Canada with­out NAFTA

The Victoria Standard - - Commentary - MOR­GAN DUCHESNEY

Canada doesn’t need NAFTA, es­pe­cially a deal ne­go­ti­ated with a U.S. pres­i­dent who can’t be trusted to act re­spon­si­bly. The no­tion that Canada is some­how ca­pa­ble of abus­ing or tak­ing trade lib­er­ties with the United States is be­yond ridicu­lous.

Rather than a free trade deal, NAFTA is a cor­po­rate rights pact that vastly fa­vors the more pow­er­ful United States. NAFTA’S Chap­ter 11 al­lows U.S. cor­po­ra­tions to sue the Cana­dian govern­ment for pass­ing laws that might in­ter­fere with their prof­itabil­ity. Eight suc­cess­ful law­suits have al­ready cost Cana­di­ans a to­tal of $314 mil­lion.

NAFTA’S Chap­ter Six forces Canada to make 75 per­cent of its en­ergy re­sources avail­able for U.S. ex­port on de­mand. This “en­ergy pro­por­tion­al­ity” clause pre­vents Canada from re­duc­ing the amount of bi­tu­men ex­ported to the U.S. and hin­ders the na­tion’s green en­ergy po­ten­tial by lock­ing Canada into the U.S. car­bon econ­omy. It is worth not­ing that Canada-u.s. tar­iffs were quite low even be­fore the 1989 Canada-u.s. Free Trade Agree­ment (FTA) un­der World Trade Or­ga­ni­za­tion (WTO) rules.

In spite of its anti-pro­tec­tion­ist rhetoric, the United States has tra­di­tion­ally been one of the most pro­tec­tion­ist coun­tries on the planet, so Canada’s grow­ing trade al­liance with China was al­most in­evitable. Un­for­tu­nately, the bur­geon­ing re­la­tion­ship an­noys a Trump ad­min­is­tra­tion locked in a de­struc­tive trade war with the Chi­nese.

Cana­dian NAFTA pro­mot­ers, like the Cana­dian Coun­cil of Chief Ex­ec­u­tives, orig­i­nally claimed that grad­u­ally re­mov­ing more trade bar­ri­ers would even­tu­ally cre­ate con­sis­tent em­ploy­ment. Elim­i­nat­ing tar­iffs or fed­eral tax on im­port and ex­port of goods is a good idea, in the­ory.

Prob­lems be­gan when U.S. and Cana­dian com­pa­nies started out­sourc­ing man­u­fac­tur­ing jobs to Mex­ico where favourable tax treat­ment, weak la­bor laws and lax en­vi­ron­men­tal stan­dards were avail­able. Cana­dian man­u­fac­tur­ing sec­tors, like the auto in­dus­try, have never fully re­cov­ered from the move.

If NAFTA has been tough on work­ing Cana­di­ans, it has bru­tal­ized Mex­ico’s agri­cul­tural sec­tor and its work­force by the forced dump­ing of sub­si­dized U.S. corn into Mex­ico, cost­ing farm­ers over $1 bil­lion per year and re­duc­ing la­bor re­quire­ments. As a re­sult, many for­mer Mexican farm work­ers have been lured into un­safe fac­tory work and even the lu­cra­tive, but deadly, world of drug car­tels.

Even­tu­ally, Mex­ico’s Maquiladora Pro­gram be­came an im­por­tant fea­ture of NAFTA since it al­lowed Amer­i­can and Cana­dian man­u­fac­tur­ers to op­er­ate tax-free in cer­tain ar­eas of north­ern Mex­ico that ba­si­cally be­came eco­nomic free-fire zones no­to­ri­ous for worker abuse, pol­lu­tion and cor­rup­tion. The ex­treme mil­i­ta­riza­tion of the U.s.-mex­ico bor­der that be­gan un­der Pres­i­dent Bill Clin­ton in 1994 is one clear in­di­ca­tion that NAFTA seems more con­cerned with en­sur­ing the free­dom of in­vestors and cor­po­ra­tions than hu­man be­ings.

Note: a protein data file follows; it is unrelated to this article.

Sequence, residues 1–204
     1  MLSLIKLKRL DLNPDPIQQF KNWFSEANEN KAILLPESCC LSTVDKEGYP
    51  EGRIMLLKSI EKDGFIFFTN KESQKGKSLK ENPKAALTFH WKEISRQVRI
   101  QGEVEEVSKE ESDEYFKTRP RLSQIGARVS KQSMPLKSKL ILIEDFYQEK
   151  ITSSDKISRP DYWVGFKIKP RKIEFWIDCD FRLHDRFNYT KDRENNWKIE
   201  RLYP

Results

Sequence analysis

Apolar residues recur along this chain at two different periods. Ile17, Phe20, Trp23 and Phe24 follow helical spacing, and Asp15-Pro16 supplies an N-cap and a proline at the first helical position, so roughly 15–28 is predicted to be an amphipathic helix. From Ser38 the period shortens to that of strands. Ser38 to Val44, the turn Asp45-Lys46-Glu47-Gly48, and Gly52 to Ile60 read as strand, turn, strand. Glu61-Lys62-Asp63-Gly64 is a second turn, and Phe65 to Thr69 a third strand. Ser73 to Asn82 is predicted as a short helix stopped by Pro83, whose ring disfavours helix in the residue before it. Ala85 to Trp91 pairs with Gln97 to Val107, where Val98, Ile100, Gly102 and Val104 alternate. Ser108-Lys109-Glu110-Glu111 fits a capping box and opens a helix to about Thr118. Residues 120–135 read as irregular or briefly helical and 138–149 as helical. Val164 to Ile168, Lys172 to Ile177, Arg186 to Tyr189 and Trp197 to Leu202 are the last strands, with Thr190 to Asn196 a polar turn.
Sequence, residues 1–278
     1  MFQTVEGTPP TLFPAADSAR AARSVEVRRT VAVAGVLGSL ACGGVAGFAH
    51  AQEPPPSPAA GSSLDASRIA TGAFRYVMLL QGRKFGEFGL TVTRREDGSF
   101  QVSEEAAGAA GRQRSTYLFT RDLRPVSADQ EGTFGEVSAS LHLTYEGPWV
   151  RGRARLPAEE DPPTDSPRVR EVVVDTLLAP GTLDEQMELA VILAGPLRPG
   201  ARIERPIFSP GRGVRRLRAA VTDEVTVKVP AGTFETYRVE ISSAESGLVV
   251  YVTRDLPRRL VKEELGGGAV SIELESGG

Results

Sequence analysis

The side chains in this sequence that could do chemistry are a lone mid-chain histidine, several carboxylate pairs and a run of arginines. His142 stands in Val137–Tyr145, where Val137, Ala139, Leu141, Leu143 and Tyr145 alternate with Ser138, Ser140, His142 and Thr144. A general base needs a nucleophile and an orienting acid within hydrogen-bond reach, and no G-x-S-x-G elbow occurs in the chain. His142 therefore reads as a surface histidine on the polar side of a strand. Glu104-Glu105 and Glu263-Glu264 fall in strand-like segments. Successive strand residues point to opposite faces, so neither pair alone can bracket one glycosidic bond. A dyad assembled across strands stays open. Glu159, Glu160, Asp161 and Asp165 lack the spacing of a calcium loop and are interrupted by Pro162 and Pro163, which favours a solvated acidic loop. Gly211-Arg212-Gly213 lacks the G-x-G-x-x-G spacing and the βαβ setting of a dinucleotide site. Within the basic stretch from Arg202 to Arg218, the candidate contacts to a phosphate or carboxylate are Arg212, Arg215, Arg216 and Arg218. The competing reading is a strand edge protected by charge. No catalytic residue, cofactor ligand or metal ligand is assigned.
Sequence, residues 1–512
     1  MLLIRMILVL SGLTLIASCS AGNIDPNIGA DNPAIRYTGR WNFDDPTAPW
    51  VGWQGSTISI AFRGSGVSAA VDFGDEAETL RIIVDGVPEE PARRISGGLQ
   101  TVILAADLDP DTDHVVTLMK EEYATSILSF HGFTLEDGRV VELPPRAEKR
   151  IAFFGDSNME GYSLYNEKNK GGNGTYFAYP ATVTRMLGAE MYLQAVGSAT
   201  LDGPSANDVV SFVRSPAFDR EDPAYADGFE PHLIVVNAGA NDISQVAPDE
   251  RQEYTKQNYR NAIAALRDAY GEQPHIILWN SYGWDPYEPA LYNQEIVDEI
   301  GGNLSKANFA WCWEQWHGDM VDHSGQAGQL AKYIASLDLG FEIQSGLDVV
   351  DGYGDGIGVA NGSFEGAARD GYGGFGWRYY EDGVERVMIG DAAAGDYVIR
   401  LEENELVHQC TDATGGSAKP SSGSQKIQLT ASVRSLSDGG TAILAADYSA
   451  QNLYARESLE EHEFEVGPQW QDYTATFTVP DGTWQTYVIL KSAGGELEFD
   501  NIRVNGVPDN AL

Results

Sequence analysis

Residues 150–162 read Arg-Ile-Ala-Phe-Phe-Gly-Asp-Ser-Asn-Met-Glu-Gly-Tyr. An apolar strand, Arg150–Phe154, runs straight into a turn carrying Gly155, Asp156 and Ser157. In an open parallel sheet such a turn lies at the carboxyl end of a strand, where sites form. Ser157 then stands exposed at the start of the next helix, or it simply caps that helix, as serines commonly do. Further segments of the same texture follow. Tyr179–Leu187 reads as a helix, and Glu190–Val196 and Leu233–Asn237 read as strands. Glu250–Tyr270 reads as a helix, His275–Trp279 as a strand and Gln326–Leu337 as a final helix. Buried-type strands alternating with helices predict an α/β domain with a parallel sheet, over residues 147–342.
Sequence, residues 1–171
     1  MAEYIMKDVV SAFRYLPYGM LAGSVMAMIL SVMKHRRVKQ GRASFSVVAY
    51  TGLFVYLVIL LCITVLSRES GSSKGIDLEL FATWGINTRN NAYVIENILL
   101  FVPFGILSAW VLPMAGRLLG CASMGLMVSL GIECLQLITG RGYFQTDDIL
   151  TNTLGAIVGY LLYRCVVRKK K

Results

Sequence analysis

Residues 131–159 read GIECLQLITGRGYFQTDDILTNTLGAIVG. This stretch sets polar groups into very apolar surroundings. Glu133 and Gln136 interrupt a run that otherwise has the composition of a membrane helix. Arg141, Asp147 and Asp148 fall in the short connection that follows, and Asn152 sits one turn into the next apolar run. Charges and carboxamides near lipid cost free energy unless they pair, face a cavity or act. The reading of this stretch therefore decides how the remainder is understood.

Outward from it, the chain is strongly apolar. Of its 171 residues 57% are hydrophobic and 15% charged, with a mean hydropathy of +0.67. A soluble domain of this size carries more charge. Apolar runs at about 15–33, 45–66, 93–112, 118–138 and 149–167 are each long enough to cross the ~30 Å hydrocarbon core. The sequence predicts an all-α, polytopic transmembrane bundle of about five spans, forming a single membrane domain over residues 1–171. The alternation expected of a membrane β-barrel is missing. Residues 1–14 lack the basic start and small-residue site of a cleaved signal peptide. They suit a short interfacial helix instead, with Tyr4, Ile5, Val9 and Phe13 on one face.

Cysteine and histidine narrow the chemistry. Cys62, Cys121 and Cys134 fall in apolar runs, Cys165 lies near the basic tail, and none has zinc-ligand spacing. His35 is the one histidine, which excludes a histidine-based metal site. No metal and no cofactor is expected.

While Mex­ico has ac­cepted U.S. terms, three out­stand­ing is­sues re­main un­re­solved in the cur­rent ne­go­ti­a­tions be­tween Canada and the U.S. These in­clude dis­pute res­o­lu­tion, cul­tural pro­tec­tion for Cana­dian me­dia and Canada’s sub­si­dized dairy in­dus­try.

Prime Min­is­ter Trudeau is cur­rently fac­ing stiff re­sis­tance from Cana­dian dairy farm­ers who claim their liveli­hoods are be­ing frit­tered away by con­ces­sions to the U.S. Their po­si­tion is un­likely to change un­less gen­er­ous sub­si­dies are pro­vided to com­pen­sate them for lost rev­enue. It is likely that Trudeau will stand firm on cul­tural pro­tec­tion, but com­pro­mise on the dairy is­sue.

The dis­pute res­o­lu­tion mech­a­nism is the most del­i­cate part of the ne­go­ti­a­tion since ex­ces­sive com­pro­mise in this area will weaken Canada’s fu­ture bar­gain­ing po­si­tion. In a re­lated devel­op­ment, Canada has joined other na­tions in a bid to re­or­ga­nize the WTO in re­sponse to grow­ing U.S. pro­tec­tion­ism and iso­la­tion­ism. Trump is cur­rently ham­per­ing WTO op­er­a­tions by fail­ing to ap­point or reap­point mem­bers to the or­ga­ni­za­tion’s rul­ing body. As well, Canada is in­volved in the WTO’S on­go­ing ef­forts to ad­dress tech­no­log­i­cal change in all ar­eas of in­ter­na­tional trade and fi­nance.

As the new Oc­to­ber 1 dead­line looms, Trudeau has sought ne­go­ti­at­ing ad­vice from NAFTA booster and for­mer Prime Min­is­ter Brian Mul­roney. Peo­ple like Mul­roney claim NAFTA is an eco­nomic suc­cess story, and I sup­pose it is, if you profit from the oil sands or own a fac­tory in a Mexican Maquiladora. Per­haps it is time for Canada to re­al­ize its full eco­nomic po­ten­tial by leav­ing NAFTA and seek­ing new trad­ing part­ners ea­ger to work for a safer and more pros­per­ous low-car­bon fu­ture.

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